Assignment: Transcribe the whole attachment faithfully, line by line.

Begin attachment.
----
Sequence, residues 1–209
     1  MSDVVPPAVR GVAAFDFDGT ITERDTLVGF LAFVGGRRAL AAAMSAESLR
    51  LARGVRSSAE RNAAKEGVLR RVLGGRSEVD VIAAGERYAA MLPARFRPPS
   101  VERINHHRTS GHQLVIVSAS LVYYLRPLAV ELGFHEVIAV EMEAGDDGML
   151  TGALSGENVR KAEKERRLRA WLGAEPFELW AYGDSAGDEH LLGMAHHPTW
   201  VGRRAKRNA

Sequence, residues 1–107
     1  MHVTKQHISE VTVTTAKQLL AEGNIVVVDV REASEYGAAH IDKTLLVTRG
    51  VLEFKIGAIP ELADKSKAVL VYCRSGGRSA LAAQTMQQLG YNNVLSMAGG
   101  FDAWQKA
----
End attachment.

Sequence, residues 1–209
     1  MSDVVPPAVR GVAAFDFDGT ITERDTLVGF LAFVGGRRAL AAAMSAESLR
    51  LARGVRSSAE RNAAKEGVLR RVLGGRSEVD VIAAGERYAA MLPARFRPPS
   101  VERINHHRTS GHQLVIVSAS LVYYLRPLAV ELGFHEVIAV EMEAGDDGML
   151  TGALSGENVR KAEKERRLRA WLGAEPFELW AYGDSAGDEH LLGMAHHPTW
   201  VGRRAKRNA

Sequence, residues 1–107
     1  MHVTKQHISE VTVTTAKQLL AEGNIVVVDV REASEYGAAH IDKTLLVTRG
    51  VLEFKIGAIP ELADKSKAVL VYCRSGGRSA LAAQTMQQLG YNNVLSMAGG
   101  FDAWQKA